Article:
Trout, Tarver Score Stoppages in ESPN Thursday Night Special

By Mike Sloan Dec 12, 2014

Former undisputed light heavyweight champion Antonio Tarver, a decade removed from his landmark second round knockout of the once-great Roy Jones Jr., was in action on Thursday night. “The Magic Man” continued his quest to become the oldest man to ever capture the heavyweight title took a slow step in the right direction with a seventh-round knockout of journeyman Johnathon Banks on ESPN.

Tarver was methodical in his approach at picking apart Banks but his game plan worked well. Tarver jabbed from a distance and when his foe got a little too close, the Floridian would rake him with short hooks on the inside. Banks fought well but he seemed to have a difficult time in dealing with Tarver’s southpaw stance and reach. Eventually, Tarver began throwing more punches, which paved the way toward the stoppage.

Related: ESPN Boxing Play-by-Play

A right/left stung Banks midway through the seventh and as he backed away from the 46-year old; Tarver patiently stalked him, looking to time his attacks. A few more shots landed cleanly and once Banks stumbled into the ropes, Tarver planted a perfectly-time straight left on the jaw, sending Banks to the canvas.

Banks (29-3-1, 19 KOs) was able to climb back to his feet and continue, but Tarver, sensing blood, was all over him. The taller Tarver swarmed Banks and eventually landed another thudding left hand, which sent Banks stumbling into the ropes and downward. Veteran referee Jack Reiss was on the spot within seconds and correctly halted the beating, ending the fight at the 2:25 mark of the seventh.

Tarver, now 31-6 with 22 KOs, called out a litany of top heavyweights after the fight, namely world-recognized champion Wladimir Klitschko. Tarver stated that he is a true star of the sport and that he won’t rest until he is the oldest man in history to claim the heavyweight throne.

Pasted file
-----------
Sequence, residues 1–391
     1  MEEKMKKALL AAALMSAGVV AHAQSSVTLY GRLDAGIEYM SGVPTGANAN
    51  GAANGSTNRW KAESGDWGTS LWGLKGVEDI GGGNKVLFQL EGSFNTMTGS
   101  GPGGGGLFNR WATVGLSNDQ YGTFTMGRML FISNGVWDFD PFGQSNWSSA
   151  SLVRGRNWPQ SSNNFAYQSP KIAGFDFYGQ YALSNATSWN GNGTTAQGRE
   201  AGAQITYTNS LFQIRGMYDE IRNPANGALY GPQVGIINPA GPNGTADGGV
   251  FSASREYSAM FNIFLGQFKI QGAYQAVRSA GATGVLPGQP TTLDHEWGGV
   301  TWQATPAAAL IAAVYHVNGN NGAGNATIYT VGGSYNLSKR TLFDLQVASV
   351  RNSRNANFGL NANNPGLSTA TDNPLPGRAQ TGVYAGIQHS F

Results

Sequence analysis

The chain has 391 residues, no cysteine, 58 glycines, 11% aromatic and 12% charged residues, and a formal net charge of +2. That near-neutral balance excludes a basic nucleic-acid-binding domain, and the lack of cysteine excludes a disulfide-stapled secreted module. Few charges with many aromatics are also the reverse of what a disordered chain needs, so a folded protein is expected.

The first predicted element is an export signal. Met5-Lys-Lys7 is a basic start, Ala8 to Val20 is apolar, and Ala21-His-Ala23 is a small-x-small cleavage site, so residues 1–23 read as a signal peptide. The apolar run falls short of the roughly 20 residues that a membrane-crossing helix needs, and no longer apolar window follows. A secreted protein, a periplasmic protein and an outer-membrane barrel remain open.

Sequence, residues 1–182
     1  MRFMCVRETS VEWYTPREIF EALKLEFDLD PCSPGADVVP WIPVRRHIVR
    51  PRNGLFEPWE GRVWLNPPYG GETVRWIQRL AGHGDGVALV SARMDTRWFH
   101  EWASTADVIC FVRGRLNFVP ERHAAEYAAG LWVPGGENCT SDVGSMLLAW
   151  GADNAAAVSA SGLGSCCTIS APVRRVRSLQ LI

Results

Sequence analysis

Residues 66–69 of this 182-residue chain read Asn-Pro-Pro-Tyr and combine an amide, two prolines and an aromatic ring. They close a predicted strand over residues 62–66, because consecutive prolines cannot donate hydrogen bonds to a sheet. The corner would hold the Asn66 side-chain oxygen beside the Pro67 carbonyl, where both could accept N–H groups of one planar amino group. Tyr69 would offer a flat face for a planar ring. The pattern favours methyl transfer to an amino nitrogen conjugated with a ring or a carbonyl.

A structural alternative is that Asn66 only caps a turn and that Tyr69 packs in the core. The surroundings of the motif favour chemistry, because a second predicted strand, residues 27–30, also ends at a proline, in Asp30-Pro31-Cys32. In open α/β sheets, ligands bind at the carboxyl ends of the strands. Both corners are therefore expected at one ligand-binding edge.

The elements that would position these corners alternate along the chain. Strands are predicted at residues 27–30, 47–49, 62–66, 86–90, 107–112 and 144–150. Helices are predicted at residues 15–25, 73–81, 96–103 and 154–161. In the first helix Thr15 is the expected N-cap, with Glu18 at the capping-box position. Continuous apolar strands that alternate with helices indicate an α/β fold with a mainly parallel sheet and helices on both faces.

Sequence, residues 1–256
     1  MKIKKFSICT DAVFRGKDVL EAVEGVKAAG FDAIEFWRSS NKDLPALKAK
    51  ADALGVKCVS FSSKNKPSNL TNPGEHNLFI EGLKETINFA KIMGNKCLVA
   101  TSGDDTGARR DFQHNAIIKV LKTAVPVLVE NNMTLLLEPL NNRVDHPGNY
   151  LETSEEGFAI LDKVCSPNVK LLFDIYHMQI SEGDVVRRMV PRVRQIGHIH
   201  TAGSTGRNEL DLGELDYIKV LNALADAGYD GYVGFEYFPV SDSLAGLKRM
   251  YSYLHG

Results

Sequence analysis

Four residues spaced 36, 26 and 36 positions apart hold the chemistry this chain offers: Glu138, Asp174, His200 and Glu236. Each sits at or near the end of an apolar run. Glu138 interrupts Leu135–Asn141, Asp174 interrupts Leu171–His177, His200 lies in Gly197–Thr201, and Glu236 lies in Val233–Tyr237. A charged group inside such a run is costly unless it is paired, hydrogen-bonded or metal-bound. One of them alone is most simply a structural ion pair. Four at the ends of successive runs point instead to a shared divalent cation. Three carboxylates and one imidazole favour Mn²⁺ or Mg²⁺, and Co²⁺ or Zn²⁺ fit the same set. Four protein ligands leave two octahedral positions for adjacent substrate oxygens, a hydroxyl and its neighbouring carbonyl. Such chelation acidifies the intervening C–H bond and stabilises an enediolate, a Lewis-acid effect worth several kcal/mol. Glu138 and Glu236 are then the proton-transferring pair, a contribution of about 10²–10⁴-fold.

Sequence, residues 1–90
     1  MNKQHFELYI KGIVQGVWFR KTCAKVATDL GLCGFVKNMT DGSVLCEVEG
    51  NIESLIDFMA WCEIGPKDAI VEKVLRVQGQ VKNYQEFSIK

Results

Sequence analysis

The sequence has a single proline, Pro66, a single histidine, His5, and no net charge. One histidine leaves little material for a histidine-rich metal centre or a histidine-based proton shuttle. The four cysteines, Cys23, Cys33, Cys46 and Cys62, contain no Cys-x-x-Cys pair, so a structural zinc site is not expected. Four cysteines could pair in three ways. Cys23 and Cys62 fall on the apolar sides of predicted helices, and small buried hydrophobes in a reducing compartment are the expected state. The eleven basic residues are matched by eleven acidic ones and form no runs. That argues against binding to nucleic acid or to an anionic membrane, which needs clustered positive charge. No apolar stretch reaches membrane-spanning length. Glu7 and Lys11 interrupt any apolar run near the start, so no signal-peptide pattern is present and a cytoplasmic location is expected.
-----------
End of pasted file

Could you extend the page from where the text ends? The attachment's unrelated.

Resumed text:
Trout Patiently Picks Apart Grajeda En Route to TKO

Former WBA junior middleweight champion Austin Trout continued to inch his way back onto the big stage of boxing with a one-sided -- albeit aesthetically unpleasant -- dismantling of journeyman Luis Grajeda. Trout was tentative to let his hands go early on, but his jab was more than he needed to eventually dispose of Grajeda.

As the fight wore on, Trout began to slowly open up his arsenal more and more and when he did, Grajeda (18-4-2, 14 KOs) had no answers for it. Trout cracked his foe with stiff right jabs and when the opportunities presented themselves, “No Doubt” dug nasty hooks and uppercuts to the body. By the time the seventh round approached, Trout was in total control.

Grajeda wanted less and less to do with his taller, more powerful opponent and opted to back away without throwing punches. Trout simply stalked his prey down and tore into his body and it appeared as though a late right uppercut to the ribs hurt Grajeda near the end of the seventh. As it turned out, Grajeda’s corner had seen enough and threw in the towel before the eighth frame had started, ending the fight.

The win allowed trout to keep his goal of returning to championship bouts alive, but he admitted after the fight that he still has quite a bit of work to do.

“I thought I did okay. I know I can do better,” the reserved former champ, now 28-2 (14) said. “I gotta look at the tape and see what it is, but we can get better. I would never give myself an A but I think I did OK.”


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